The flowers and the glory

Laura Robson (L) and Andy Murray at the end of the mixed doubles tennis (LEON NEAL/AFP/GettyImages)

The sight of victorious Olympic athletes collecting a bunch of flowers along with the all important medal on the podium has caused many an observer to chuckle at the incongruity of that part of the ceremony.

Not so the floral industry, which is churning out 4,400 of these so-called victory bouquets during the main and Paralympic games. How it must pain them to see most of them getting tossed into the crowds by unappreciative Olympians.

We can reveal however that it is not just the florists that are benefiting from this ancient tradition, which dates back to the original Greek games when athletes were crowned with wreaths made of olive leaves.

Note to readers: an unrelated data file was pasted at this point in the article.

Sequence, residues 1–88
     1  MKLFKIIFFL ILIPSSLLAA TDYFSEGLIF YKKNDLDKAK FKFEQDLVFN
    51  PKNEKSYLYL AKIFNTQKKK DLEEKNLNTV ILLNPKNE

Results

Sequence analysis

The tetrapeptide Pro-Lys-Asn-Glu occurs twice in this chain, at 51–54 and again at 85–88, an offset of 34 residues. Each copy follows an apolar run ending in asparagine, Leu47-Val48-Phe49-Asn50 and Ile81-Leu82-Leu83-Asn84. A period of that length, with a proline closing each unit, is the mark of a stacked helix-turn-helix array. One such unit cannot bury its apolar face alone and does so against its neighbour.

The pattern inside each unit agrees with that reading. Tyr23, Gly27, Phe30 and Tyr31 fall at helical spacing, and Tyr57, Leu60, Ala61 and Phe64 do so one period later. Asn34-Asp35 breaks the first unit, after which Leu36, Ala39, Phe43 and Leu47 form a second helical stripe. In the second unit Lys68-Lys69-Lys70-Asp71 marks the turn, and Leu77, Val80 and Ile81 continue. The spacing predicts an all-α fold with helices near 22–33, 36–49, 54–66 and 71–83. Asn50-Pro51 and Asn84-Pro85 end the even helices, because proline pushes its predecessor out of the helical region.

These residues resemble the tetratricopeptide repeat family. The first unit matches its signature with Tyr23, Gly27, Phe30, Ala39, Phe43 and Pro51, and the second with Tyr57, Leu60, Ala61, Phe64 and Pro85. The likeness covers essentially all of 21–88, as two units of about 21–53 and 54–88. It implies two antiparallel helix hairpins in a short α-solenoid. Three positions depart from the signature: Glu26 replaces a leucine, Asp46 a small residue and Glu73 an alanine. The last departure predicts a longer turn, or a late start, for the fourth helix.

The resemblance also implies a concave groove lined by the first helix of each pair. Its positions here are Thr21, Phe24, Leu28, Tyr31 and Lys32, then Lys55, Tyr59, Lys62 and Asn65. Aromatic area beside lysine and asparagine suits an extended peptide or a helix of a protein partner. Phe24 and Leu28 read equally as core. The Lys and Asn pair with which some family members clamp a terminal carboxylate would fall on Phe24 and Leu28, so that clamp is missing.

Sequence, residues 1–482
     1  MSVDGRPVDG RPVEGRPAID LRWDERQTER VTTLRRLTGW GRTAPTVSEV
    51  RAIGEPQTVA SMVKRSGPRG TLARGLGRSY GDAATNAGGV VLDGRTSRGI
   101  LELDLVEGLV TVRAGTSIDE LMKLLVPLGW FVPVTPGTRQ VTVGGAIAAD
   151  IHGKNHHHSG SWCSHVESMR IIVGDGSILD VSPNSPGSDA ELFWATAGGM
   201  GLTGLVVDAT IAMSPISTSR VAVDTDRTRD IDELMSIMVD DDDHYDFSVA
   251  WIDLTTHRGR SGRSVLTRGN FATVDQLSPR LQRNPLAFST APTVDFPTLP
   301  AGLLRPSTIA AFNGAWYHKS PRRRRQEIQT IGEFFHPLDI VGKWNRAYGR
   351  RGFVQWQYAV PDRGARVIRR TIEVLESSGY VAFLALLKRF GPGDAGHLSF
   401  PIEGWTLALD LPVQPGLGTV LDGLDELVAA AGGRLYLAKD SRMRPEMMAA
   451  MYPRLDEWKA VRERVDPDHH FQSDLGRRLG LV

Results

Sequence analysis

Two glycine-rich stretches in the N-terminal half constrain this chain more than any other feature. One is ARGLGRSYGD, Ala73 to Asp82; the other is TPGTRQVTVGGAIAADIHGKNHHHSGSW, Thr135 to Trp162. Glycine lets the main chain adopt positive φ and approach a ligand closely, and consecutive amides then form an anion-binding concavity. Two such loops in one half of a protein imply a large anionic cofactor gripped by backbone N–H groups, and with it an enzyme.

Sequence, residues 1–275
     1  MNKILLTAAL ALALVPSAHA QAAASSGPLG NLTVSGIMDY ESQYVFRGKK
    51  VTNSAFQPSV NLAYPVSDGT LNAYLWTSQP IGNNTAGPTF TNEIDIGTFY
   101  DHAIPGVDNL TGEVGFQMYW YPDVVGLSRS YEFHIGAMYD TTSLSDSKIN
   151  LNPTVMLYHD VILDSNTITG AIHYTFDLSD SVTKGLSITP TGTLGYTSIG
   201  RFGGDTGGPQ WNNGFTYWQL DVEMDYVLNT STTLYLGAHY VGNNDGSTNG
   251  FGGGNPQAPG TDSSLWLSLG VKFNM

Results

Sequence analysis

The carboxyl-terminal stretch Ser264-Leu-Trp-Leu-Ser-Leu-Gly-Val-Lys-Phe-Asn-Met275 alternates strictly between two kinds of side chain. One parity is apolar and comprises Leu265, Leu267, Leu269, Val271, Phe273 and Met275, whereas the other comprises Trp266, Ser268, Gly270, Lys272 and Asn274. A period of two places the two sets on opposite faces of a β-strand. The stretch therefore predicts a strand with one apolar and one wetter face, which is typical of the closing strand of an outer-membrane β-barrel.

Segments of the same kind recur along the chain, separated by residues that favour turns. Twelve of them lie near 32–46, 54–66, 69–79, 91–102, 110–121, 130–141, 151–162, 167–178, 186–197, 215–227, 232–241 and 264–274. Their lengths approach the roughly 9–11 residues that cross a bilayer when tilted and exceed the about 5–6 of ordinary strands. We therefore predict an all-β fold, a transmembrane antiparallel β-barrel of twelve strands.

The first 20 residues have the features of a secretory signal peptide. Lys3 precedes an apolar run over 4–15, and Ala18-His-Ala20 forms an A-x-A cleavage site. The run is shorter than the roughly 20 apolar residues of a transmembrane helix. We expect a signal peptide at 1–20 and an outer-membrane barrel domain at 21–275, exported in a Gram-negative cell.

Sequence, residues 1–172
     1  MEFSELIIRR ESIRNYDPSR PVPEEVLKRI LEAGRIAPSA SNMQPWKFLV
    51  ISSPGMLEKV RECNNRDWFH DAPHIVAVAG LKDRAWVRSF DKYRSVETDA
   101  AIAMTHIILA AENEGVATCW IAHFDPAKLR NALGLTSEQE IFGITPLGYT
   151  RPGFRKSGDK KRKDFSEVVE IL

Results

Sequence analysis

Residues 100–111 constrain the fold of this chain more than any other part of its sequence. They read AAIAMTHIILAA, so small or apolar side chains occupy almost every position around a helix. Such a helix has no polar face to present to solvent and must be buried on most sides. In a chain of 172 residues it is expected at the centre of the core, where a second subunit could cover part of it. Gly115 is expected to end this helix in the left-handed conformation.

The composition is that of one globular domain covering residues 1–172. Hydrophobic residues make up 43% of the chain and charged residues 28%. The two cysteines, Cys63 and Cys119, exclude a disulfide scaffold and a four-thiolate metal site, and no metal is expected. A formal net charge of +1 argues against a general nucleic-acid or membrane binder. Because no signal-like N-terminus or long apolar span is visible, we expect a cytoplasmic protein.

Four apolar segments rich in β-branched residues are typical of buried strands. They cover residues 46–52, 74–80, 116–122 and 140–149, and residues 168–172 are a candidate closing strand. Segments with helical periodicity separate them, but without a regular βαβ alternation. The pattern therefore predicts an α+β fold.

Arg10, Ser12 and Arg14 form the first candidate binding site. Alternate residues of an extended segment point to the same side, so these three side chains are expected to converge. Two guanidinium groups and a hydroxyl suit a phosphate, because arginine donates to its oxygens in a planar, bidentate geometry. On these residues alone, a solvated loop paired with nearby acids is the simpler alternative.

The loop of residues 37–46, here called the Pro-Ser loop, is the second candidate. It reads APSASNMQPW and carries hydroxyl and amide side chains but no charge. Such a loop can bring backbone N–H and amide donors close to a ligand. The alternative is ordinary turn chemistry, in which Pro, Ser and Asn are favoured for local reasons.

It appears that vegetable suppliers around London have also landed an unexpected windfall in orders. Olympic organisers leave nothing to chance for fear of a foul-up during medal ceremonies, which are often watched by tens of millions of TV viewers around the world. So each medal and bouquet presenter – largely unknown officials from national Olympic committees – get to take part in a dress rehearsal before their moment in the spotlight.

And instead of churning out extra bouquets for the training session, the FT has learned that the flower presenter gets to practice with a stalk of broccoli. Most medal winners might be more appreciative of such a key component of an athlete’s diet.